The Ghosts of Monday
A prime slice of way over the top EuroTrash to delight the most obsessive of fans (that will be me, then), GHOSTS OF MONDAY is the biggest surprise of this year's Frightfest. A TV crew arrives at a Cyprus hotel to film a documentary about the 100 people who were poisoned to death there years ago, while hopefully spotting a few ghosts at the same time. They're led by an alcoholic has-been presenter (Julian Sands at his most Julian Sands) and the rest of the team are Attractive Young Things. Scarcely has the story got underway than one of the girls is slashed to death in a glass elevator while her friends converse in the foyer below. It's a scene that's representative of the kind of cinema GHOSTS OF MONDAY actively revels in - it's frankly ludicrous but who cares when it looks this great and is this much fun? And just when you think that the film is presumably a giallo it turns out there's some kind of serpent monster thing living in the basement. Or is there? "You don't understand anything," says a character who is discovered suddenly and inexplicably mummified in some sort of temple under the hotel near the end. By that stage I was nodding at the same time as I was applauding. GHOSTS OF MONDAY is like if Norman J Warren and Jess Franco had a baby. In Cyprus. I loved it. And hopefully now you know if you want to watch it too.
World War II drama from writer-director Ben Parker (THE CHAMBER). In 1991 Harriet Walter surprises a home invader and, when it turns out he's a neo-nazi, chains him to the radiator in order to tell him a story about her exploits in 1945. In flashback she's Charlotte Vega (THE LODGERS, the latest WRONG TURN), part of a squad charged at the end of the war with transporting a large human-sized wooden crate that has to be buried at night. The Germans are after the crate and what it contains and are prepared to torture and kill to get it.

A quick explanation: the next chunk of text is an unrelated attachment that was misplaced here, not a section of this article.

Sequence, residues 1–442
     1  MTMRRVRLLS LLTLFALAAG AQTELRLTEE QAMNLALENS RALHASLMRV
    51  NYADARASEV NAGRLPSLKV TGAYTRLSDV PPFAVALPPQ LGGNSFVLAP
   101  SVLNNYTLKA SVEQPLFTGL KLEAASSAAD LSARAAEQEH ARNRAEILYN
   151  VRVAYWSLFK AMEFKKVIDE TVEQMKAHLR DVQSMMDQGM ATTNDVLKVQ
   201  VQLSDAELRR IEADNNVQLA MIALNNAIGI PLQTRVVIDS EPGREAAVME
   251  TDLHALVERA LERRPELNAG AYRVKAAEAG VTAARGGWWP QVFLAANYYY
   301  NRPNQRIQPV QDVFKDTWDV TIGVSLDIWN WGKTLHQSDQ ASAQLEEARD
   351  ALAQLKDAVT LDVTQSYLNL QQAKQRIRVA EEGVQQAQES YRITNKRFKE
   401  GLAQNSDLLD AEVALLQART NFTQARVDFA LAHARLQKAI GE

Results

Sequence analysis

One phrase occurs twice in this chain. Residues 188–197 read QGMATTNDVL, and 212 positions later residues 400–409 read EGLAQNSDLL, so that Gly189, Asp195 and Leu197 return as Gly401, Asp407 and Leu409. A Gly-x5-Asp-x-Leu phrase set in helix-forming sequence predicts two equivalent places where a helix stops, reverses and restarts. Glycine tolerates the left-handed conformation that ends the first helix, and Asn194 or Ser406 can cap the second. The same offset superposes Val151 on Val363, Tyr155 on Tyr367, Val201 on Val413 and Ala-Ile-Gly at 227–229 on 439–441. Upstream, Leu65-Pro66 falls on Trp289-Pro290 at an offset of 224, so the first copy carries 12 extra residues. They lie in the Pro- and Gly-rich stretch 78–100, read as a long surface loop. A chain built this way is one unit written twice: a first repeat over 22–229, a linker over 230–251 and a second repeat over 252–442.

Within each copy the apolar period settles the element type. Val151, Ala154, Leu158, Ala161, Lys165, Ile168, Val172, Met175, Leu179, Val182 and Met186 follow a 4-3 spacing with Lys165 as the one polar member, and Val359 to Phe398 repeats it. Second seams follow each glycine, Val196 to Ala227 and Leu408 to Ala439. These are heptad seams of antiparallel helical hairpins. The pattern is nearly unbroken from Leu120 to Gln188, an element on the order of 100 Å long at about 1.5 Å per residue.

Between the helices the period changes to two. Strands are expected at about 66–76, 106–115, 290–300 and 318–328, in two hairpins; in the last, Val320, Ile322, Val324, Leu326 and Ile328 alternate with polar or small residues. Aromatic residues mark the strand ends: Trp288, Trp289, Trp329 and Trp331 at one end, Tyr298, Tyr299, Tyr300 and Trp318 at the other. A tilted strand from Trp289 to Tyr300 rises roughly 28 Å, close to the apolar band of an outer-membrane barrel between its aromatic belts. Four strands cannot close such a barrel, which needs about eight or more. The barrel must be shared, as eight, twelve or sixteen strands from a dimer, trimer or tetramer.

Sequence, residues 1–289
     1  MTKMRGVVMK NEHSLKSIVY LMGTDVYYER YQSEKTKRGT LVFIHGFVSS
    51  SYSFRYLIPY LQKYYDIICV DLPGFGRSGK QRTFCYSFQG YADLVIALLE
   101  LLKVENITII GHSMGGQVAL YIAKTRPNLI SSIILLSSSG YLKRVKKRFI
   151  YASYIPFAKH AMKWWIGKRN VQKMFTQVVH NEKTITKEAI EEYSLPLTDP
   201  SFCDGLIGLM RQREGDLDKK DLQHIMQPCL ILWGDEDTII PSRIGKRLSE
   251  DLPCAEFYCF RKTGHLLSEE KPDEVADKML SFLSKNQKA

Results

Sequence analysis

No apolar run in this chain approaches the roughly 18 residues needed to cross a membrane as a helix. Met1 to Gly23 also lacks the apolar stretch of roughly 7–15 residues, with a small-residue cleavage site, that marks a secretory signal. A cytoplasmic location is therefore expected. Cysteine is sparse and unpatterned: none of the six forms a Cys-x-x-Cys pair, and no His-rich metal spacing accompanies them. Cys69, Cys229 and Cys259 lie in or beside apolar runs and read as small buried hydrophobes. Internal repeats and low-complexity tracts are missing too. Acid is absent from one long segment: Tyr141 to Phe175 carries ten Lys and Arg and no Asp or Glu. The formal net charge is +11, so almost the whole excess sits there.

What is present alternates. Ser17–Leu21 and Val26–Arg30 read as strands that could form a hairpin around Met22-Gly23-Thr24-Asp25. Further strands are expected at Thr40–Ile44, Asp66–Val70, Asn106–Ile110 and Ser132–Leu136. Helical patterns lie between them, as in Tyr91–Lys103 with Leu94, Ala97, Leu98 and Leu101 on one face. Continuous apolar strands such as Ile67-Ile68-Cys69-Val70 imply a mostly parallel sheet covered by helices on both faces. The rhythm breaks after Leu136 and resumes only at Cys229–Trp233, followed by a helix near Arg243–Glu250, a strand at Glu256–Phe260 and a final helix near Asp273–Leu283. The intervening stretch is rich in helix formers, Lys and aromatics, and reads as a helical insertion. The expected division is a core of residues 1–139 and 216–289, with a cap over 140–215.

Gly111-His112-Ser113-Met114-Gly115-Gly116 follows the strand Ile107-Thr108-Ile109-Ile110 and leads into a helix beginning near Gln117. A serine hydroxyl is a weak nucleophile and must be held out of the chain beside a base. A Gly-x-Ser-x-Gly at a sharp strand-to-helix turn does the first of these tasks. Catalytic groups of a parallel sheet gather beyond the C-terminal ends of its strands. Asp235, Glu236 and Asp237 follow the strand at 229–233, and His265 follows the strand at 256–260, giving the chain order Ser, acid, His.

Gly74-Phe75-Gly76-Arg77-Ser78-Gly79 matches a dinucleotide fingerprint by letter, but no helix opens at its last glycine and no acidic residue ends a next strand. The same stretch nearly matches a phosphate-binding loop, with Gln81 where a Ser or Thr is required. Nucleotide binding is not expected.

BURIAL is a Ffilm Cymru production and is beautifully shot. The scenes of armed combat filmed in lush forest exteriors is reminiscent of John Coquillon's full-blooded photography for WITCHFINDER GENERAL and the RIO BRAVO-style final showdown in a church - Molotov cocktails and all, will remind some of a certain Lucio Fulci zombie picture. The actors do a decent job of fleshing out their roles although Vega does seem to be overstretching herself here, delivering every line with the identical degree of urgency. But BURIAL's not bad at all and on the strength of this and THE CHAMBER Ben Parker's next project should be worth watching as well.
Ben Parker's BURIAL is out on digital from 101 Films on 12 September 2022 (selected platforms) and 26th September 2022 generally
Unable to post review due to embargo restrictions imposed by Disney
Successful films are often the result of a simple concept done well, and FALL deals with the concept of two girls trapped on a 3 foot by 2 foot square 2000 feet up in the air very well indeed. The two in question are Becky (Grace Fulton) and Hunter (Virginia Gardner), experienced climbers who plan to climb a television mast in the desert, firstly to scatter the ashes of Becky's husband who fell to his death a year ago when the three of them were climbing together, and also to get Becky out of the depression into which she plummeted after. All goes well on the ascent, but when they try to come down the rusting ladder collapses, leaving the two girls stranded and having to rely on their wits both to survive and to work out how to get back down. Director Scott Mann wrings the maximum amount of tension out of the situation, the two leads are charismatic and have a great rapport and for maximum vertigo-inducing effect FALL is a must-see at the cinema. What a great way to end the festival.
Signature Entertainment are releasing FALL exclusively in UK cinemas on Friday 2nd September 2022